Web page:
How to Get Out of Debt in the New Year

Resolve to get your finances in better shape. Figuring out how to get out of debt is a great first step toward reaching financial security. Find out how here.

Jan 5, 2014 at 10:35AM

The New Year has begun, and millions of Americans have resolved to get their finances in better shape for 2014. But if you're trapped under a mountain of debt, it's hard to conceive of building up a big investment portfolio until you pay off everything you owe.

In the following video, Dan Caplinger, The Motley Fool's director of investment planning, gives some tips on how to get out of debt in 2014. Dan points out that the first step is figuring out how much you owe, which you can find out by getting a copy of your free credit report from Then, find out how much in interest you pay on each of your debts. Dan notes that typically, credit cards will have the highest rates, followed by mortgages and student loans. Finally, Dan suggests talking to credit card companies about lowering your rates. With 0% interest rates from Bank of America (NYSE:BAC), Citigroup (NYSE:C), and American Express (NYSE:AXP) among others, there's enough competition in credit cards to give you some leverage. Dan concludes that if you want to get out of debt in 2014, you can -- just by following these simple rules.

Getting out of debt is your first step toward financial independence
Once you've figured out how to get out of debt, your next step is to start regularly investing in the stock market. In our brand-new special report, "Your Essential Guide to Start Investing Today," The Motley Fool's personal-finance experts show you why investing is so important and what you need to do to get started. Click here to get your copy today -- it's absolutely free.

Fool contributor Dan Caplinger owns warrants on Bank of America. The Motley Fool recommends American Express and Bank of America and owns shares of Bank of America and Citigroup. Try any of our Foolish newsletter services free for 30 days. We Fools don't all hold the same opinions, but we all believe that considering a diverse range of insights makes us better investors. The Motley Fool has a disclosure policy.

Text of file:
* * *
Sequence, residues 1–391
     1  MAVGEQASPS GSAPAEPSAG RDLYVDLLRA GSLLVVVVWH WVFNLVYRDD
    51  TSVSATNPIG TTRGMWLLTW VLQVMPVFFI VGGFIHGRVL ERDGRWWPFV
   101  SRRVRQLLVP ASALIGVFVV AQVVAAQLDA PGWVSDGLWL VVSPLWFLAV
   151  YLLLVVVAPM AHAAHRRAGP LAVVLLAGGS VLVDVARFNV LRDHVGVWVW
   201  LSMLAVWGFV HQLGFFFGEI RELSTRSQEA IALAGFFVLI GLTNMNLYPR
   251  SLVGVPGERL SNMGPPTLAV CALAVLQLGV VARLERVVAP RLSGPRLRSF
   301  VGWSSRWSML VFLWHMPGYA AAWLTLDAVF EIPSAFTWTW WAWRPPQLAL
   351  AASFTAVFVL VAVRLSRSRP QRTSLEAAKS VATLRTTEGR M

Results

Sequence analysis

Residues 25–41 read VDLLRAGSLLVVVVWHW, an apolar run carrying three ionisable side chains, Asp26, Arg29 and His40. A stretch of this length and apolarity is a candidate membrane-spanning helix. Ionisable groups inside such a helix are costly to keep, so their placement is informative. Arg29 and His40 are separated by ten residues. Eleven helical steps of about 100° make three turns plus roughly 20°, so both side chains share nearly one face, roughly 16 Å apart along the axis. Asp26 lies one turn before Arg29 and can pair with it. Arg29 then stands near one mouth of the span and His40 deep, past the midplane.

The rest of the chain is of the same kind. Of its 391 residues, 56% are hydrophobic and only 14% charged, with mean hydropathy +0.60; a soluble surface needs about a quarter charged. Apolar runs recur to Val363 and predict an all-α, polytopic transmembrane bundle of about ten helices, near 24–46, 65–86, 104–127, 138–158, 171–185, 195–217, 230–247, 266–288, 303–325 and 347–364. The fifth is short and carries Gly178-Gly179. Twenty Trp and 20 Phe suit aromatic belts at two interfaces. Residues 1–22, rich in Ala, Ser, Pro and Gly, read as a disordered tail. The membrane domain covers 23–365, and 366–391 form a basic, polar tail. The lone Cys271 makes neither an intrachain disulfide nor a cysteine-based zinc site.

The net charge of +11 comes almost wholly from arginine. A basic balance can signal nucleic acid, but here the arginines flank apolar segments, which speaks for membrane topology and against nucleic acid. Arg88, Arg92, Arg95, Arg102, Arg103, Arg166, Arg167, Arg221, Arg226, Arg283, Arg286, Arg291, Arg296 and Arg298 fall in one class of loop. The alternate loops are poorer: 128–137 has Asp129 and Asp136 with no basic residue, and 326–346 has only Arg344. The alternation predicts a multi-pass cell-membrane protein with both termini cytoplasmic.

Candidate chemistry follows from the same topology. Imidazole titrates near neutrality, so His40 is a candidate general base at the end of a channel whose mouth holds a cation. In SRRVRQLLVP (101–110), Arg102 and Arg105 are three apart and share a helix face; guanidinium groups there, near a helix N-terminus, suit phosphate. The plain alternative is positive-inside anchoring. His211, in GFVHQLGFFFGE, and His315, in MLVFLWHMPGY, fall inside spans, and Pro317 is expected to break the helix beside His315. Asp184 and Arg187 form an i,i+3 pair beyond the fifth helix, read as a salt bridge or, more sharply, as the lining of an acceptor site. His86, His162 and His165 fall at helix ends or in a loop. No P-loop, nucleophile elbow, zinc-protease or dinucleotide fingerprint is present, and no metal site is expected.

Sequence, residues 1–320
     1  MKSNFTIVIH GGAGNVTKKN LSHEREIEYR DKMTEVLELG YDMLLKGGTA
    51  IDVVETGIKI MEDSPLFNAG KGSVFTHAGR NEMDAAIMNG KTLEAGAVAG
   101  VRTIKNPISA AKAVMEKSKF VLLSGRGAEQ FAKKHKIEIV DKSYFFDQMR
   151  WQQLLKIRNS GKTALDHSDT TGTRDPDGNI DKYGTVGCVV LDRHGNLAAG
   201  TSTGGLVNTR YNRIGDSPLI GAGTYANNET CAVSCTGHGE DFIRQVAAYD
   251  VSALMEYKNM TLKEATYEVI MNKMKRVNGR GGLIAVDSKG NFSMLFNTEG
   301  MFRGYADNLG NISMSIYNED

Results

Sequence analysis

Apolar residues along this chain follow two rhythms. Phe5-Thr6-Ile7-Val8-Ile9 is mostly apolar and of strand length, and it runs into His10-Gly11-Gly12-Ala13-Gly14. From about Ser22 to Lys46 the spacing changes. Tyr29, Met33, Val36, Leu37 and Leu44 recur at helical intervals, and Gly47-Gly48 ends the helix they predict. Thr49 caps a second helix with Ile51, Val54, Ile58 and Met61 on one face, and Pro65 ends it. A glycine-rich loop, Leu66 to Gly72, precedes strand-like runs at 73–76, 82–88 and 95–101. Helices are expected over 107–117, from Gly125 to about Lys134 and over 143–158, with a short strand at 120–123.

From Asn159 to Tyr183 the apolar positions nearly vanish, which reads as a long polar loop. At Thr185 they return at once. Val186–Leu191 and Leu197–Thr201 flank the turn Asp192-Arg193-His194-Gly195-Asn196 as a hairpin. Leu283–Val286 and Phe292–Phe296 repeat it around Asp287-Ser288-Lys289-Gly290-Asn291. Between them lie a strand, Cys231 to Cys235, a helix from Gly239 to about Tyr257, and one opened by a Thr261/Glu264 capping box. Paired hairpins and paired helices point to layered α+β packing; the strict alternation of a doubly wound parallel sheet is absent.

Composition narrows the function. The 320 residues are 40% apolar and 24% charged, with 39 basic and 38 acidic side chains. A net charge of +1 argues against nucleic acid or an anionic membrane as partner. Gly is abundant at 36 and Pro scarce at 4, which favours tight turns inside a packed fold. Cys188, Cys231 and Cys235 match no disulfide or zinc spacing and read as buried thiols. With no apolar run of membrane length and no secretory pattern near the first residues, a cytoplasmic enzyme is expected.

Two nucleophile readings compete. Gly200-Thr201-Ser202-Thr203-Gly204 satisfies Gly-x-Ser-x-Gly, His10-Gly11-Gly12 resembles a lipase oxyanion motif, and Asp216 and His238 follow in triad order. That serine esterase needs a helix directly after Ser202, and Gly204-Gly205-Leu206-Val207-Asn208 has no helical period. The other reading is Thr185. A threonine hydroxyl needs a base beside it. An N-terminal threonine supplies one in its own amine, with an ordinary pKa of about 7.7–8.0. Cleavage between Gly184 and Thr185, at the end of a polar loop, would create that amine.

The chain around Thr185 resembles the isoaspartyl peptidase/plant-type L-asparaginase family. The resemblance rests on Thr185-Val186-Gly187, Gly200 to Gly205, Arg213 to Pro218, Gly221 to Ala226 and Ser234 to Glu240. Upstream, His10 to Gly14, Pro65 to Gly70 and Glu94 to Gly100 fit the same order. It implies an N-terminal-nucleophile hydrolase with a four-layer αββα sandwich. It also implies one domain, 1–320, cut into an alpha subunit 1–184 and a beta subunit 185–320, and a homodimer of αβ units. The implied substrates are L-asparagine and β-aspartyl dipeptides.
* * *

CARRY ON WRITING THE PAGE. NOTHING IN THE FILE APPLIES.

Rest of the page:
4 in 5 Americans Are Ignoring Buffett's Warning

Don't be one of them.

Jun 12, 2015 at 5:01PM

Admitting fear is difficult.

So you can imagine how shocked I was to find out Warren Buffett recently told a select number of investors about the cutting-edge technology that's keeping him awake at night.

This past May, The Motley Fool sent 8 of its best stock analysts to Omaha, Nebraska to attend the Berkshire Hathaway annual shareholder meeting. CEO Warren Buffett and Vice Chairman Charlie Munger fielded questions for nearly 6 hours.
The catch was: Attendees weren't allowed to record any of it. No audio. No video. 

Our team of analysts wrote down every single word Buffett and Munger uttered. Over 16,000 words. But only two words stood out to me as I read the detailed transcript of the event: "Real threat."

That's how Buffett responded when asked about this emerging market that is already expected to be worth more than $2 trillion in the U.S. alone. Google has already put some of its best engineers behind the technology powering this trend. 

The amazing thing is, while Buffett may be nervous, the rest of us can invest in this new industry BEFORE the old money realizes what hit them.

KPMG advises we're "on the cusp of revolutionary change" coming much "sooner than you think."

Even one legendary MIT professor had to recant his position that the technology was "beyond the capability of computer science." (He recently confessed to The Wall Street Journal that he's now a believer and amazed "how quickly this technology caught on.")

Yet according to one J.D. Power and Associates survey, only 1 in 5 Americans are even interested in this technology, much less ready to invest in it. Needless to say, you haven't missed your window of opportunity. 

Think about how many amazing technologies you've watched soar to new heights while you kick yourself thinking, "I knew about that technology before everyone was talking about it, but I just sat on my hands." 

Don't let that happen again. This time, it should be your family telling you, "I can't believe you knew about and invested in that technology so early on."

That's why I hope you take just a few minutes to access the exclusive research our team of analysts has put together on this industry and the one stock positioned to capitalize on this major shift.

Click here to learn about this incredible technology before Buffett stops being scared and starts buying!

David Hanson owns shares of Berkshire Hathaway and American Express. The Motley Fool recommends and owns shares of Berkshire Hathaway, Google, and Coca-Cola.We Fools don't all hold the same opinions, but we all believe that considering a diverse range of insights makes us better investors. The Motley Fool has a disclosure policy.

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